New speeding fines: what’s actually changed?
Despite the tabloid hysteria, changes to the UK’s speeding fine system only affect a small number of drivers, as Alex Grant and Natalie Middleton explain.
What has changed?
Effective from 24 April 2017, the penalty structure for speeding motorists in the UK has changed. Issued by the Sentencing Council, the guidelines for magistrates in England and Wales mean the most serious offenders can be fined up to 150% of their weekly income, which a spokesperson said sets higher penalties recognising “a level of danger and disregard for the law”.
How does that affect motorists?
In the vast majority of cases, it won’t. Drivers caught committing minor offences will still be issued with a fixed penalty – £100 and three points on their licence – and this is based on the discretion of the local police force. The changes only apply to cases where the driver goes to court, either because they have chosen not to accept the fixed penalty, or because it’s a more serious offence. Even then, it’s only the most extreme cases which are affected.
The new bandings are as follows:
Speed limit Band A Recorded Speed Band B Recorded Speed Band C Recorded Speed
20mph 21-30mph 31-40mph 41mph and above
30mph 31-40mph 41-50mph 51mph and above
40mph 41-55mph 56-65mph 66mph and above
50mph 51-65mph 66-75mph 76mph and above
60mph 61-80mph 81-90mph 91mph and above
70mph 71-90mph 91-100mph 101mph and above
Sentencing range Band A (50%) Band B (100%) Band C (150%)
Points/ 3 points 4-6 points or 6 points or
disqualification: 7-28-days 7-56 days
Recognising extreme cases
Magistrates have, until now, had two bands to classify speeding drivers; Band A for minor offences, and Band B for those significantly over the limit. Respective fines were set at 50% or 100% of a driver’s gross weekly income, capped at £2,500 for motorway offences and £1,000 for all other roads. Both bands still exist, and the fine levels and caps for each have not changed.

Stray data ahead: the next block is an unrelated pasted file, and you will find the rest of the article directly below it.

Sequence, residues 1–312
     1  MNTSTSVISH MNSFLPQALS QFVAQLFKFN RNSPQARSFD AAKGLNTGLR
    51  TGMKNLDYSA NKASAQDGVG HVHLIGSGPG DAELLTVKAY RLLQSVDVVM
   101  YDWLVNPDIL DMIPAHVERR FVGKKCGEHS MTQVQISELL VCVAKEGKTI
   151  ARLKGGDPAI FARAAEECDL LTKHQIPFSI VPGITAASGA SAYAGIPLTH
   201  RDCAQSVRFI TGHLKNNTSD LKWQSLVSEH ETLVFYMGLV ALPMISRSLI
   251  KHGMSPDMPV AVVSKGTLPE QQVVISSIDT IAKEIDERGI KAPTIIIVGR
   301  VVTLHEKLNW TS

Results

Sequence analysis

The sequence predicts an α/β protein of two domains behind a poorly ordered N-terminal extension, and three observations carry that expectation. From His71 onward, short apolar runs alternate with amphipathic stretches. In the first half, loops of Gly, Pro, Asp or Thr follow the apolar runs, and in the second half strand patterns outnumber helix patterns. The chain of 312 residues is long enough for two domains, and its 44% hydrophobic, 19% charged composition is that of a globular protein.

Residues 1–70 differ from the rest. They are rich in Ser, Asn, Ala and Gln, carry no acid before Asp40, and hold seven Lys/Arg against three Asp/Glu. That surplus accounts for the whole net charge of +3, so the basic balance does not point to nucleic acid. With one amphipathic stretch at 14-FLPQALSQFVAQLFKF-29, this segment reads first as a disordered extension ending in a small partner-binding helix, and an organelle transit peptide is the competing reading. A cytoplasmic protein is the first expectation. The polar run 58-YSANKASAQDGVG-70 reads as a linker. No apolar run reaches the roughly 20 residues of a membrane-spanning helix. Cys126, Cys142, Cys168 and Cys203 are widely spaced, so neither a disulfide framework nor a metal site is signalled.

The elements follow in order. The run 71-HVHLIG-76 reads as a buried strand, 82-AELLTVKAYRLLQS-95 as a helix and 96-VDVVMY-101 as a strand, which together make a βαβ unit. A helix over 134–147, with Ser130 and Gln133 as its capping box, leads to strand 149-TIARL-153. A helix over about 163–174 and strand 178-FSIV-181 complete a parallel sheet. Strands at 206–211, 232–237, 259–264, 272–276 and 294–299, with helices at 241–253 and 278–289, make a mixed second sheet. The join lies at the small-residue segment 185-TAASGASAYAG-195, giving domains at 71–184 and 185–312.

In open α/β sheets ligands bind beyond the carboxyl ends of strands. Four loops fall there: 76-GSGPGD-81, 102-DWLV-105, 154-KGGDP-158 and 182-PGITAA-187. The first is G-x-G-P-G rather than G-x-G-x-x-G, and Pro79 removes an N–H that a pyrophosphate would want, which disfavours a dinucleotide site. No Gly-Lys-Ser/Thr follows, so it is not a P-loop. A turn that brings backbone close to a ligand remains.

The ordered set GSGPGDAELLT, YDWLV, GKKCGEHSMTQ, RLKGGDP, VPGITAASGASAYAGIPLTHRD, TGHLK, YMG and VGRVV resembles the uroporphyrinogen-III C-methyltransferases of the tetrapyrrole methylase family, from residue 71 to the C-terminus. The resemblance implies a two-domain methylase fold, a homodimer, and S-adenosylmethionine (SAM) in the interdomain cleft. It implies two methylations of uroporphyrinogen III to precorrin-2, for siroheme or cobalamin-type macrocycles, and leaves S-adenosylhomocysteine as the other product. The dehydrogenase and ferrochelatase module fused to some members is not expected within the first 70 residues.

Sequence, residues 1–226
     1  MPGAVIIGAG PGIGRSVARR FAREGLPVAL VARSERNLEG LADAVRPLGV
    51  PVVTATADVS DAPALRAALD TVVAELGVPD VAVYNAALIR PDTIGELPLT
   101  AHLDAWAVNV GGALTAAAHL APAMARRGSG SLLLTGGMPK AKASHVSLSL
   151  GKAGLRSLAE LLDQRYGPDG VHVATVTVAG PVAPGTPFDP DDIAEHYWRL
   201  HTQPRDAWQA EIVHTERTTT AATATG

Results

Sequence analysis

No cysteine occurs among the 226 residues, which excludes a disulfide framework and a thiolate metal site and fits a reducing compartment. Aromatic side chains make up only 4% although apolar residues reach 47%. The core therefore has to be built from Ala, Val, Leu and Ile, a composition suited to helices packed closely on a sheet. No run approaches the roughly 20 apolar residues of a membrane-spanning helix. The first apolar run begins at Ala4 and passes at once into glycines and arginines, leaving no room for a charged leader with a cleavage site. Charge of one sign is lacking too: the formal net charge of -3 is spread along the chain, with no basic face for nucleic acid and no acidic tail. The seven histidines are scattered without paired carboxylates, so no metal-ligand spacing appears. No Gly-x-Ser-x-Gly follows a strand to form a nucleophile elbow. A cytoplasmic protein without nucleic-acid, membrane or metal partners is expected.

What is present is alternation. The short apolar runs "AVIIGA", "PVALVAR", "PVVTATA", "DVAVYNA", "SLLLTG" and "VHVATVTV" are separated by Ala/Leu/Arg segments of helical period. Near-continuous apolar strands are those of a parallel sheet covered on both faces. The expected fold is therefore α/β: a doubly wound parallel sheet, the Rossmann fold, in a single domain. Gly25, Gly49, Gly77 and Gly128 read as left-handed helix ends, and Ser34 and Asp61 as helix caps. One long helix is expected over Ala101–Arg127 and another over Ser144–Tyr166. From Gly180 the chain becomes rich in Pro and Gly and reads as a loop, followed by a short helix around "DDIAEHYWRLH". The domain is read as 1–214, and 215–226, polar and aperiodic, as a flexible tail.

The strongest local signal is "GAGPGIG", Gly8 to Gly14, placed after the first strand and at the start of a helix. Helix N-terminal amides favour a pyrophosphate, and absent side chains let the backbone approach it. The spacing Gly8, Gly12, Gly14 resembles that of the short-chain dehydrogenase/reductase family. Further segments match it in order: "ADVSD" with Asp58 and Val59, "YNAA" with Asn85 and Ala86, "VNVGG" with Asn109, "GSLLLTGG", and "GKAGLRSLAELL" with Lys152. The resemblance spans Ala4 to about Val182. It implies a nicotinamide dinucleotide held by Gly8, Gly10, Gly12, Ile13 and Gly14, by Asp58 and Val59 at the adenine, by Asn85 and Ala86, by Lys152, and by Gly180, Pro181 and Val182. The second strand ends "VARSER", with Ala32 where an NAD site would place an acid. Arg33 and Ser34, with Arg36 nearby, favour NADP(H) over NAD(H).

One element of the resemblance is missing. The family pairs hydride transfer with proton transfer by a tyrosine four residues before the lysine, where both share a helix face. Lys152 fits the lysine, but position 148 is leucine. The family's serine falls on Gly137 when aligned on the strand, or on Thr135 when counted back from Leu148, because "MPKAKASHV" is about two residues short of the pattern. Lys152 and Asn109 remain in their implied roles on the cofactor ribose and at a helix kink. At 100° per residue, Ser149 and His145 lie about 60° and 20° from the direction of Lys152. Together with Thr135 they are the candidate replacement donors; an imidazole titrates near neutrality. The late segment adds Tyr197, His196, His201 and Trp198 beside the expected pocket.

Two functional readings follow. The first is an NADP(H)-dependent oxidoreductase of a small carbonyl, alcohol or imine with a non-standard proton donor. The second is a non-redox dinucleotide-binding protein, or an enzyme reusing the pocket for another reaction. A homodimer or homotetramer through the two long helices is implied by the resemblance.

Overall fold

The only change is the introduction of a third tier, Band C, for drivers at the top end of Band B. Convictions can mean a fine of 150% of a driver’s gross weekly income, six points or a disqualification of up to 56 days. The fines are capped, but drivers in Band C will need to earn a gross annual salary of £46.5k (or £145k for motorway offences) before those caps are triggered.
What are the alternatives?
They’re the same as they were before. Speed awareness courses are offered in England, Wales and Northern Ireland, but only for minor offences – usually for those in Band A. However, decisions are made individually by police forces, according to TTC, which offers the courses, and drivers can only undertake one course in a three-year period. Otherwise, they are subject to a fixed penalty.
Also noteworthy, should the offence end up in court, is that there are a number of factors that magistrates can take into account to reduce or increase the penalties, including previous convictions and good character.